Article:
The surging stock market during the first half of this year pushed shares in many companies higher. While simply buying the S&P 500 index would have netted fine results, there were a few companies that saw their stocks explode higher as their turnaround stories played out.
Left for dead at the end of last year, these companies have put the pieces back together and given investors serious gains in the process. Here's a look at two of the most lucrative comeback stories so far this year.
The "death" of retail
After trading at $11.85 per share at the beginning of the year, consumer- electronics retailer Best Buy (NYSE:BBY) has surged over 200% to around $37 per share today.
Shares of Best Buy reached a high in the mid $40's in late 2010, before beginning a two-year collapse. The stock lost three-quarters of its value by the end of 2012. Much of the decline was a result of slowing revenue growth and falling margins, a condition brought on by intense competition from online retailers like Amazon.com.
Another factor occurred in May 2012 when then-CEO Brian Dunn resigned after an affair between Dunn and an employee was discovered. Founder Richard Schulze also resigned from the board after failing to follow up on the issue.
A new CEO, Hubert Joly, was hired to turn around the ailing Best Buy. However, the dominating headline through the beginning of 2013 was Schulze's proposed buyout of the company. The deal fell through, but Best Buy shares had already surged into the $20's.
Joly introduced the Renew Blue strategy to cut costs and become more competitive. Thus far, Joly has eliminated a few hundred million dollars of annual expenses, balancing the new price-matching policy and more aggressive pricing in general.
Last quarter, the decline in same-store sales slowed as earnings beat analyst estimates, and with both Samsung and Microsoft mini-stores installed in hundreds of locations Best Buy is on track to be the premier destination for consumer electronics once again.
While Joly still has plenty of work to do, Best Buy is making good progress. Online sales are growing, and with a website redesign under way, Joly is putting a lot of resources into growing the online business. Even after the 200+% run in the stock price, Best Buy is still inexpensive relative to its potential. A net income margin of 3% on $45 billion in annual sales yields earnings per share of nearly $4. Best Buy now trades at about 9.5 times this number, which very well could be severely pessimistic.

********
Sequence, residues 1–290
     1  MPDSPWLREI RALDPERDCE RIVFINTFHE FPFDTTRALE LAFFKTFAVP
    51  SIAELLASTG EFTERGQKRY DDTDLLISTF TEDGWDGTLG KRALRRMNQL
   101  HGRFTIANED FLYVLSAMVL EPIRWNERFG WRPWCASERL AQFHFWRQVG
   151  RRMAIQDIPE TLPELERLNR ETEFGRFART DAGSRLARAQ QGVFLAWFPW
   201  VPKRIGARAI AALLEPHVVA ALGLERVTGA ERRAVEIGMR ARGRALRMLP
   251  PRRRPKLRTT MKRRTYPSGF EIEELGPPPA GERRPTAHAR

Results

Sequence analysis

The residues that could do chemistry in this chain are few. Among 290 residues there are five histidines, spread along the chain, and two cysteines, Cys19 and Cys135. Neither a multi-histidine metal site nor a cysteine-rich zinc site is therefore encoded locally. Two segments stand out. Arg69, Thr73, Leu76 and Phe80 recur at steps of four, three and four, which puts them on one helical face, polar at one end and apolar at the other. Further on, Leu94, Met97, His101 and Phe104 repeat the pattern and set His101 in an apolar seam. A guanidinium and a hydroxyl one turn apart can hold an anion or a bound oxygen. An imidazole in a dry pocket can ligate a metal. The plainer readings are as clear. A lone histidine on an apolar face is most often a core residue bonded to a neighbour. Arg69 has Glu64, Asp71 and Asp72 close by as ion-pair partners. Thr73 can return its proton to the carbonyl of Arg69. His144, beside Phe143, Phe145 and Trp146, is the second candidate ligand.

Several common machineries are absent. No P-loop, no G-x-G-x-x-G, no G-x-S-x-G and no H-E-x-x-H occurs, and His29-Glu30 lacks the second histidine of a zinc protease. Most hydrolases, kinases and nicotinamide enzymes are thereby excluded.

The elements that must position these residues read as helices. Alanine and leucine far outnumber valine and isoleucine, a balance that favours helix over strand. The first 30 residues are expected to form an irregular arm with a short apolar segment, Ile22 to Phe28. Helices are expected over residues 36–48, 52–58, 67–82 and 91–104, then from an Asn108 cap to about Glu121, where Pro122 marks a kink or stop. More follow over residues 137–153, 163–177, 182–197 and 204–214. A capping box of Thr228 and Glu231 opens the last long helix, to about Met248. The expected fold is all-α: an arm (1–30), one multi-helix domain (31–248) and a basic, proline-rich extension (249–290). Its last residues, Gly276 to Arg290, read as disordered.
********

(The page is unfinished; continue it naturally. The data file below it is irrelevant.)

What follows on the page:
After selling in the low $90's at the beginning of the year and as low as $53 in 2012, shares of Netflix (NASDAQ:NFLX) have rocketed more than 480% from their 52-week low and are up 230% year-to-date.
After reaching a high of around $300 per share in July 2011, the stock began to nosedive. In that same month, Netflix restructured its pricing, upsetting many subscribers. The old $9.99 plan, which included DVD-rental and streaming, was split. This increased the total price of a combo-plan by about 60%. A few days later, the company announced that it was spitting its DVD business from its streaming business. The new DVD-only business, Qwikster, would have a separate queue from the streaming-only Netflix.
The Qwikster plans were quickly scrapped after outrage from customers, but the price increases remained. The stock plummeted, and then things got even worse. The price increases caused Netflix to lose about 800,000 subscribers in the third quarter, sending the stock even lower.
People tend to project recent trends into the future, and the subscriber losses in 2011 are a case of exactly that. However, at $300 per share before the decline, Netflix was trading at a nosebleed valuation, meaning that much of the decline was actually warranted.
Since the crash, the DVD business has been slowly bleeding subscribers as more people shift to pure streaming. Streaming subscribers are being consistently added, and the company is aggressively expanding into international markets. The company is creating its own content, and shows such as House of Cards and Orange Is the New Black have received critical acclaim.
Netflix's business model, paying for content to stream for a monthly fee, is not a great one. With competitors like Amazon Instant Video and Redbox Instant bidding for exclusive content, the price of licensing content from the owners will only get more expensive. Original content is the key, but with Netflix spending $100 million on developing House of Cards, for example, it's questionable if that investment will pay off.
My fear is that high spending on licensing and content development will never stop, pushing down margins and preventing the company from ever becoming meaningfully profitable. Netflix traded at 80 times earnings in its best year, 2011, and it seems to me that the market is ignoring the effects of competition.
The bottom line
Both Best Buy and Netflix shares have surged this year as the companies have overcome their respective issues. Best Buy is still inexpensive after its run, while Netflix is a far riskier bet.
While Netflix could grow into a global media giant, the business model doesn't really allow for outsize profits. If Netflix can control its costs as it develops exclusive content, then the company has a chance of developing a competitive advantage. But I have some serious doubts.
Timothy Green owns shares of Best Buy. The Motley Fool recommends Netflix. The Motley Fool owns shares of Netflix. Try any of our Foolish newsletter services free for 30 days. We Fools may not all hold the same opinions, but we all believe that considering a diverse range of insights makes us better investors. The Motley Fool has a disclosure policy.